Attention Deficit Hyperactivity Disorder, otherwise known as ADHD, is a psychological disorder that occurs in three to five percent of children worldwide. This psychological disorder impacts the abilities of children to maintain focus or concentrate, often leading to problematic situations in learning environments. Although ADHD is able to be moderately controlled through the use of medication and therapy sessions, the financial responsibilities of management can become overwhelming. Fortunately, there are several means of financial assistance to help cover these expenses and educational costs associated with ADHD.
The first place to look for financial assistance is through a health insurance provider. If you currently possess coverage for yourself and family, contact your provider to discuss options relating to the coverage of ADHD related expenses such as testing, prescription medications and behavioral therapy sessions. Although most health insurance plans will cover the essential costs for diagnoses and prescriptions, some insurance companies might block the coverage of ADHD-related costs. However, legislation has been enacted in 42 states that establishes committees capable of overriding the decisions of insurance companies that do not offer coverage. If private insurance is not a candidate for financial assistance, the federal government could potentially offer assistance.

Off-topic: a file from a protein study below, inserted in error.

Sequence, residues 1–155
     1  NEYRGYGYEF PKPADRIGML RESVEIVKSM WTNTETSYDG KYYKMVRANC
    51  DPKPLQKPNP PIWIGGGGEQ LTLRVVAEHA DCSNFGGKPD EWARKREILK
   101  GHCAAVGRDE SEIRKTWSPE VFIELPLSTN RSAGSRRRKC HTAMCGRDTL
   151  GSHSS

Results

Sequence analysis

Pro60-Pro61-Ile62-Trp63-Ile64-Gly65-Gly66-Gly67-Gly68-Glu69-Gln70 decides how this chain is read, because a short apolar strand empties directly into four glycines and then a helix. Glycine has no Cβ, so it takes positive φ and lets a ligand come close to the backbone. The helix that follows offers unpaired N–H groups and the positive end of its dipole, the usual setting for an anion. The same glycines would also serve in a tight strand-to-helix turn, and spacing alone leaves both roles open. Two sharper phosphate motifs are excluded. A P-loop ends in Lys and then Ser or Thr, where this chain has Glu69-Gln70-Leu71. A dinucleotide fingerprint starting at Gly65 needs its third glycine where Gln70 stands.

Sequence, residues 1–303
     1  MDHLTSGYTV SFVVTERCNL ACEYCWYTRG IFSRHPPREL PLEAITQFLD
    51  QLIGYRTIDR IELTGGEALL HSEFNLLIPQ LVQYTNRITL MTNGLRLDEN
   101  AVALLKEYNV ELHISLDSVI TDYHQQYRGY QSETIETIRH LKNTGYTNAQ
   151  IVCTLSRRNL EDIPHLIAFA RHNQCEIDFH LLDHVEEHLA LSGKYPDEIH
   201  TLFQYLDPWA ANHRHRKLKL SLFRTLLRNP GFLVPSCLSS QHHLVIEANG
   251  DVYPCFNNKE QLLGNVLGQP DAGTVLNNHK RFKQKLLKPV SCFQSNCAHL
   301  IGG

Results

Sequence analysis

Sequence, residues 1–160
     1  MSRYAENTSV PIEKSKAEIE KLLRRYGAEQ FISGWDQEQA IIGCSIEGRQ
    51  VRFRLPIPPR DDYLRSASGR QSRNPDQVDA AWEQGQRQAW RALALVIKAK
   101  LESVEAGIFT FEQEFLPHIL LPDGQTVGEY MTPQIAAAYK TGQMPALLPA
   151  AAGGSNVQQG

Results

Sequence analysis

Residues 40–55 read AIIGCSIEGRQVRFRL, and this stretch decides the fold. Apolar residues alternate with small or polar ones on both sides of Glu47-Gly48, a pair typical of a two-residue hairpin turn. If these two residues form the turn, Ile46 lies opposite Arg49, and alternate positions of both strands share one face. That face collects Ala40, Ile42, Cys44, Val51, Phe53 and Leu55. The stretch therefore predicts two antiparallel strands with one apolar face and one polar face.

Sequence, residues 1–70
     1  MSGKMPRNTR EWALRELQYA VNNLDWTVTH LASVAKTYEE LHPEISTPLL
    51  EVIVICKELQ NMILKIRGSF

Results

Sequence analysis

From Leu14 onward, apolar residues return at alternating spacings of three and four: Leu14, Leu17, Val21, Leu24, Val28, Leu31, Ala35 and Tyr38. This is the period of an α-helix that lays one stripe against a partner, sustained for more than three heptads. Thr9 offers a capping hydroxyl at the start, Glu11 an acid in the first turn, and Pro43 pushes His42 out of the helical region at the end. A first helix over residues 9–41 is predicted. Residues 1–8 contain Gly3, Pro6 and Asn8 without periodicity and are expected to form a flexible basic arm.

Government Funded Assistance
The U.S. Department of Health and Human Services, with the backing of the federal government and recently passed legislation, has begun to offer health coverage for kids via the “Insure Kids Now!” program. It is believed that this government-based insurance program for kids will help reduce the financial stress that accompanies an ADHD diagnosis. The federal government also offers financial assistance for lower income families with children suffering from ADHD through the issuance of Supplemental Security Income, or SSI. Supplemental Security Income works in the same fashion of issuance as Social Security, whereby the government determines program eligibility based on levels of income and need.
Although medications and therapy can help reduce symptoms of ADHD in children, they will not solve all issues associated with its effects on learning. Oftentimes, children suffering from severe ADHD require uniquely designed educational programs or schools to aid academica growth. The costs associated with educating an ADHD student can become rather expensive over the course a child’s K-12 and post secondary educations. The federal government has programs to allocate funds for educating students with disabilities. In addition to government funding at the national level, states and private organizations may also have like-minded programs to cover these costs of educating ADHD students.
ADHD is a psychological disorder that could stick with a patient for the rest of their lives. Many of the success stories of persons living with ADHD stem from learning to manage the disorder at an early age through means of medication, behavioral therapy and most recently neurofeedback. With financial assistance available for most patients living with ADHD, the opportunities for learning to manage this disorder have never been so readily accessible.